When Ravel tried for the Prix a fifth time, in 1905, in the qualifying rounds he deliberately broke the academic rules of choral and fugal writing and was disqualified outright. As Ravel was now quite famous, a storm of protest against the Conservatoire broke out, forcing the school's director to resign - to be replaced by Fauré and a more open-minded administration.

Ravel wrote the Introduction et allegro for harp, flute, clarinet, and string quartet in the immediate wake of this controversy. Knowing this, it's hard not to hear the work's opening ambivalence as reflecting it. There's something redolent of mourning and farewell in the clarinet's opening phrases and the quartet's reply, but then, before a melodic profile can be fully defined, that opening gesture does an about-face, the harp on its entry turning the theme firmly away from sadness to something forward-looking and hopeful. That pattern, whereby a melody is transformed halfway through its unfolding, limns the structure of the entire work, from très lent to allegro. For Ravel, "everything had to be done - or seem to be done - by a miracle," and that magical sense permeates this music, yet his craftsmanship is impeccable throughout, discipline in the latter being essential to successfully evoking the former. Multifaceted in its deployment of the available sonorities, the musical discourse slowly gives precedence to the harp, which, contrary to its pacifist reputation, leads emphatically, its taut lines full of tension and grace, while subtle combinations of wind and strings cast color and shade. The result is a gem filled with all the clarity - and bent light - of sunshot water.

* * *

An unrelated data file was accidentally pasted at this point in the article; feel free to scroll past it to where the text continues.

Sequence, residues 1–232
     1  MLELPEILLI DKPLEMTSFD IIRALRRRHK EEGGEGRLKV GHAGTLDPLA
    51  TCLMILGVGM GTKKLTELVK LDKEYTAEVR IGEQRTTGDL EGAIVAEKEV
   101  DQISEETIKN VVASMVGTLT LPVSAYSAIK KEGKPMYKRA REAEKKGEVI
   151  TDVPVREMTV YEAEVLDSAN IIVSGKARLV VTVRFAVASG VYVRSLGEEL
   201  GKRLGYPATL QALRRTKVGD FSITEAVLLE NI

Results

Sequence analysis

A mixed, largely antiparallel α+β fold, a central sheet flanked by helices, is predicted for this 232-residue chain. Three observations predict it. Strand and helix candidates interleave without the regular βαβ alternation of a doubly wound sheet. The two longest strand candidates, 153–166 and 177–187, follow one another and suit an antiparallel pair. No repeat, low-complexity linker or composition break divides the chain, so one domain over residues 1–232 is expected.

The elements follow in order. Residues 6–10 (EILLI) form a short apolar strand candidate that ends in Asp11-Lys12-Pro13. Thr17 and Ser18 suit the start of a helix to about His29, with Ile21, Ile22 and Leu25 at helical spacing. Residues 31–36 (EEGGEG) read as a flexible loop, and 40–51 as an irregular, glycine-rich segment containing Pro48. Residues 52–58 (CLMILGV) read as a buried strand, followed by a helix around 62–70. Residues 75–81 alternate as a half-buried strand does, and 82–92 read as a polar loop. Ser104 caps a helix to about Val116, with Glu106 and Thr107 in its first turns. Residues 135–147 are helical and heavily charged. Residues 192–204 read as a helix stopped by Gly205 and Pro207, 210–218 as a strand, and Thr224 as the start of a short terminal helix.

The music and sensibilities of Charles Gounod (1818-1893) fluctuated throughout his life between the poles of sacred and profane love, often ambiguously. Well educated in the theory, practice, and history of music, his earliest successes as a composer came with settings of the mass in an austere, a capella style inspired by Palestrina. A brief flirtation with the priesthood in the late 1840s gave way to an infatuation with the famed opera singer Pauline Viardot, who led him to switch to opera, but his first efforts, marred by an effort to imitate Meyerbeer, were failures. His greatest mass, the Messe solennelle de Sainte Cécile of 1855, with full orchestra and soloists added to the choir, was florid, almost operatic in style, thus blending the two extremes. For the next decade, Gounod was at the height of his powers, and his engagement by the Theater Lyrique in 1858 led to the composition of the five operas for which he is remembered today. Dispensing with Meyerbeerian pretense, Gounod embraced his natural gift for writing unpretentiously lyrical music, wedding it to familiar stories. His greatest success came with his 1859 setting of the love story from Goethe's Faust. Rejecting spectacle for its own sake and seeking to humanize even the lesser roles, Gounod mixed song types and singing styles, formal expression and informal, to musically delineate character in ways never before seen in opera.